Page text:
Nonoperative Management (NOM) of most liver injuries impairs the mastery of intraoperative hemostasis.Am J Surg 2019AJ
Nonoperative management (NOM) of most liver injury (LI) compromises teaching of technical skills required for intraoperative LI hemostasis. This study assesses this void.
The records of patients (pts) admitted for LI during two years (1/1/16-12/31/17) were compared to pts treated during two-year intervals for the last six decades. Treatment included NOM, operation only (OR/only), suture (Sut), tractotomy (Tra), dearterialization (HAL), and resection (Res).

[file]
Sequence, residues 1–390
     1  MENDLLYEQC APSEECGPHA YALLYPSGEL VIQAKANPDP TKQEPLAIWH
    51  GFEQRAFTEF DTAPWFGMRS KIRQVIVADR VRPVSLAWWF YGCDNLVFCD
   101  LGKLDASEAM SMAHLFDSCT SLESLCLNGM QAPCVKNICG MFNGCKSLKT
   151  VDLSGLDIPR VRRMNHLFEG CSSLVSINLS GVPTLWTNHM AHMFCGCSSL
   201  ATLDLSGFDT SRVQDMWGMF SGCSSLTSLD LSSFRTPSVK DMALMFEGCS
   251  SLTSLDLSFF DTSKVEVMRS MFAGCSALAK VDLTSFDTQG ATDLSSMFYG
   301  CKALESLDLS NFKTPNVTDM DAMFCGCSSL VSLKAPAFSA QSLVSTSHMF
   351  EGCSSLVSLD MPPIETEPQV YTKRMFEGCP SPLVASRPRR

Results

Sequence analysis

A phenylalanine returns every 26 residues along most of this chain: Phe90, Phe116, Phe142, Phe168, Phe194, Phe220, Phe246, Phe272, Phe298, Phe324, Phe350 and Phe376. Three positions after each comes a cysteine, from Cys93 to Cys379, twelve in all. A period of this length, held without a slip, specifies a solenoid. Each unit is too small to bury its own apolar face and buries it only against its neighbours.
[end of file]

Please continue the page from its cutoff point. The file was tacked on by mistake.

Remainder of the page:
During 2016/2017, 41 pts had penetrating (23) or blunt (18) LI. Treatment for penetrating LI was NOM (4), OR/only (12), and hemostasis (7) with Sut (3), HAL (1), Tra (1), and Res (2). Treatment for blunt LI was NOM (16) and OR/only (2). 14 residents performed an average of 0.5 procedures. During six decades, LI requiring hemostasis was 121, 114, 30, 48, 17, and 7 per decade. Concomitantly, the percent having NOM or OR/only was 46%, 47%, 62%, 59%, 72%, and 83%.
NOM precludes adequate training for hemostasis of LI. Technical proficiency for LI hemostasis requires training in Advanced Trauma Operative Management (ATOM), Advanced Surgical Skills for Exposure in Trauma (ASSET), and rotation through a liver transplant or hepatobiliary service.